Reader Susan writes:
I can’t decide whether I like white chocolate or not. I like the very first taste of white chocolate when it hits my tongue and it’s initial flavor is sensed…then it’s all down hill from there. White chocolate does (to me) what milk chocolate seems to do to me; it’s components coat the tongue and the sensation of it’s flavor goes into overload that cannot be washed away! Is that sensation because of the amount of fat in the cocoa butter? What’s the deal with white chocolate?
It’s probably the formulation of the particular white chocolate you’re eating. Like a lot of inexpensive milk chocolates, inexpensive white chocolates tend to have less cocoa butter for the simple reason that cocoa butter is the most expensive component of chocolate (not only is it in demand in the confectionary industry, it’s also used in cosmetics). In general the higher the proportion of cocoa butter, the faster the chocolate melts in your mouth.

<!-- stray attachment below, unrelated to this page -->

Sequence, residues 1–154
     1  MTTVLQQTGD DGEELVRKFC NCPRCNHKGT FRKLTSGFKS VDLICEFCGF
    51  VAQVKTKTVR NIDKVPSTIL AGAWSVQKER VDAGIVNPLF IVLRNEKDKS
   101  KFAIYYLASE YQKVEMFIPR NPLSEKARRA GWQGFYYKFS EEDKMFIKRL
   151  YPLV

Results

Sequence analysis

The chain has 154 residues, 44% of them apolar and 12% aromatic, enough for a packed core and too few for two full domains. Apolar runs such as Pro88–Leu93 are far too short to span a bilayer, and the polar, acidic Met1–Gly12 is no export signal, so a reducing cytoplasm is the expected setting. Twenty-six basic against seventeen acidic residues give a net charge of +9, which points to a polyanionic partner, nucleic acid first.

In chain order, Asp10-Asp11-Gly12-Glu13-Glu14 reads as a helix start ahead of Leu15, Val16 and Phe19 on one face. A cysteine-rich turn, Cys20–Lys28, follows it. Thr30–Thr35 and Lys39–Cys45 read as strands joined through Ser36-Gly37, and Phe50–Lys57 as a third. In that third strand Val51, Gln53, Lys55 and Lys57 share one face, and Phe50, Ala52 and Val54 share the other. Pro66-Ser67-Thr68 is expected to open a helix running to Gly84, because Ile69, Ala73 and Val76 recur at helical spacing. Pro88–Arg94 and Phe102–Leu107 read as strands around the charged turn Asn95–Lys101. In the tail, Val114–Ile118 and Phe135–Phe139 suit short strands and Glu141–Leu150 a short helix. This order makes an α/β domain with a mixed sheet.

However in the US the law only requires that white chocolates contain 20% cocoa butter, the rest being milk powder and sugar. When the cocoa butter content gets that low, the impression is less smooth and unctuous than waxy and/or gummy, and that’s what causing the chocolate to stick to the surfaces of your mouth. That very sensation is why I don’t much care for white chocolate, as its texture gives me more time to contemplate its cloying sweetness.